I rarely give one star, but this middle grade novel was...not good. In fact, I made myself finish it even though I wanted to put it away less than halfway through.
The book opens with a very eerie and cryptic cat killer in the process of sacrificing a cat, which grabbed my attention right away. Unfortunately, there was nothing after that scene that prompted tension or suspense because the characters and plot became very mundane. I think that part of this is because the author tried to have too many subplots (romance, conspiracy, teenage angst)in an effort to distract the reader from being able to identify the killer; however, it simply caused the story to go on meaningless tangents rather than weaving a tale of suspense.
Another problem with this novel was that the characters were extremely shallow. The plot would allude to struggles in characters' pasts without really using those to let the reader get to know them on a deeper level. To use a teacher phrase, the author did a lot of "telling" and not "showing," which is pretty boring. Most readers don't want to have an event summarized for them; they want to experience it with the characters so that they can build a connection. These characters were two-deminsional at best.
The ending had a lot of action in it, but by that point, most readers can already figure out who the killer is, so the climax falls flat. Even when there was a twist at the end, if readers pay attention to contextual details, it's not too difficult to see it coming.
Overall, this novel had an interesting concept but poor execution.
Jasper "Jazz" Dent is the son of the most notorious serial killer of all time. While growing up, Dear Old Dad taught his son valuable lessons, such as how to clean blood stains, how to slice through skin, and how to think like a serial killer. Now, several years after his father's apprehension and conviction, Jazz is trying to lead a normal, teenage life in the same small,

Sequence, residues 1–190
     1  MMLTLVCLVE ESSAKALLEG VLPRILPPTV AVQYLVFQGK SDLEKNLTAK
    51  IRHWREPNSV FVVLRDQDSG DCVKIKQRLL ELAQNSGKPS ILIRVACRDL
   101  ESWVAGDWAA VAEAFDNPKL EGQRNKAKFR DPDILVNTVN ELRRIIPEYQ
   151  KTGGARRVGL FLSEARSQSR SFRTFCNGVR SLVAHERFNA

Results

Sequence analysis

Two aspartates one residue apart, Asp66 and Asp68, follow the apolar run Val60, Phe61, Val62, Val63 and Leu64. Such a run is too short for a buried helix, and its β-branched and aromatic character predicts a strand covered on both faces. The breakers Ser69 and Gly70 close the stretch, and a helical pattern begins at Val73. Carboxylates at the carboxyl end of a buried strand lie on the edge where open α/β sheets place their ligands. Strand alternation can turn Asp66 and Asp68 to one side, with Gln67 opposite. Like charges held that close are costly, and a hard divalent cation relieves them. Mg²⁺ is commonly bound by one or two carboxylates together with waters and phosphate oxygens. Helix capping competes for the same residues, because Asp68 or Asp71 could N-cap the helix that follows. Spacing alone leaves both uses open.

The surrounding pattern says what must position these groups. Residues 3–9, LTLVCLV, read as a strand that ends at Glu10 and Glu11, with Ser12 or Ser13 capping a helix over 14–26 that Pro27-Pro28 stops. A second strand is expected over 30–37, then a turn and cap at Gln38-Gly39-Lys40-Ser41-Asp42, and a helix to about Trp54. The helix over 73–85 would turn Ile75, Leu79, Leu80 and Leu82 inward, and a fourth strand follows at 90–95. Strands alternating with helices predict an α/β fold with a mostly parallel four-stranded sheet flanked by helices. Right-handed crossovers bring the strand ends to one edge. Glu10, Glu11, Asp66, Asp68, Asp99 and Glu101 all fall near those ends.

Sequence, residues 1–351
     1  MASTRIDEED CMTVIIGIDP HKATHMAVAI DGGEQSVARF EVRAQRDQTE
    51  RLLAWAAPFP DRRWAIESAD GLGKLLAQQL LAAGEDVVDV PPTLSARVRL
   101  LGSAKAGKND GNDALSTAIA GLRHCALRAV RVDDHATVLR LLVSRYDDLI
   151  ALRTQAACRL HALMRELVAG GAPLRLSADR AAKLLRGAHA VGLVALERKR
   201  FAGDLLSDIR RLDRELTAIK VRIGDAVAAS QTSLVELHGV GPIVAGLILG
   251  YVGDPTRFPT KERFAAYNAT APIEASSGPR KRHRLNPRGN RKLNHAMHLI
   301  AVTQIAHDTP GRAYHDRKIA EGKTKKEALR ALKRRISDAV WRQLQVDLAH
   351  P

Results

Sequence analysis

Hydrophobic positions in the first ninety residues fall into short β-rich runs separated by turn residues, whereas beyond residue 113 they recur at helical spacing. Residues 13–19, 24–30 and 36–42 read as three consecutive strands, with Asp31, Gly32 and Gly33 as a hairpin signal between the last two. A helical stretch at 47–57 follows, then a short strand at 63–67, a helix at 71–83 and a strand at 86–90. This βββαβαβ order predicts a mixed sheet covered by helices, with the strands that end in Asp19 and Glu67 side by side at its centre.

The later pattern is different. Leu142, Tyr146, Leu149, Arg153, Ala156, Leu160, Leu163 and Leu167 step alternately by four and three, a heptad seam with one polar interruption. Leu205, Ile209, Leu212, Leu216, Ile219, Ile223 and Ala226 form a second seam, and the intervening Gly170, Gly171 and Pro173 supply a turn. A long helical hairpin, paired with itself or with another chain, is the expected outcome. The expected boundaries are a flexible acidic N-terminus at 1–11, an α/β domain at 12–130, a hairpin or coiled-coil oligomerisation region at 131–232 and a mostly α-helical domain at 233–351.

close-knit community that his father committed his final two murders. But, when women start getting murdered, and the killer is copying Billy Dent’s gruesome MO, Jazz is the only one schooled enough in the mind of a sociopath to help the police. The only problem is that Jazz isn’t sure that being around the victims won’t trigger his own need to kill.
For people who enjoy TV shows like Criminal Minds or CSI, this is an exceptional read. The novel doesn’t go into detail about the killings. Instead, the plotline focuses on the inner workings of the mind of a killer. I know that several people were disappointed that there wasn’t more action and scenes with the murders taking place – they were always described after the fact – but with this type of story, it really would have taken away from the psychological aspect.
There were a few times that Jazz’s constant whimpering about being destined to kill got old, but Lyga did a good job of using his spunky girlfriend Connie to call him out and voice what the reader was thinking: “Either put up, or shut up.” From that moment forward, Jazz became a stronger character for me.
This novel alludes to multiple brutal killings and gives details about nailing bodies to a ceiling, vaginal and anal rape, and other forms of brutality. Because of this information, readers need to be mature; however, leaving it out would have taken away vital details from the story. Lyga wanted to show the cruelty to Billy Dent's murders without shifting the focus away from Jazz. Part of Billy's cruelty was making his child watch, and participate, in a number of killings.
I know that Mr. Lyga conducted research to add authenticity to his novel, and his painstaking efforts show. I thoroughly enjoyed this novel because I’m intrigued with how the mind works, and the mind of a sociopath is probably one of the most mysterious to explore. I will definitely check out the sequel.
*ARC was provided at 2011 NCTE Conference
Book comes out in April 2012